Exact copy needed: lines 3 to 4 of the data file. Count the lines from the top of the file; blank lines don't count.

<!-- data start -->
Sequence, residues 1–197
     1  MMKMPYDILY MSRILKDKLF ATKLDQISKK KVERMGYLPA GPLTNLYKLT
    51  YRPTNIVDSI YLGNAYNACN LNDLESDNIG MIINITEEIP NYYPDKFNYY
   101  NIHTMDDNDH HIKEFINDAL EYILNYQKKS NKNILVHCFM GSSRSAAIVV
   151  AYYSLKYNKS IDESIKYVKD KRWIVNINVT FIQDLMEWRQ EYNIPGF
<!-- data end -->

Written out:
    51  YRPTNIVDSI YLGNAYNACN LNDLESDNIG MIINITEEIP NYYPDKFNYY
   101  NIHTMDDNDH HIKEFINDAL EYILNYQKKS NKNILVHCFM GSSRSAAIVV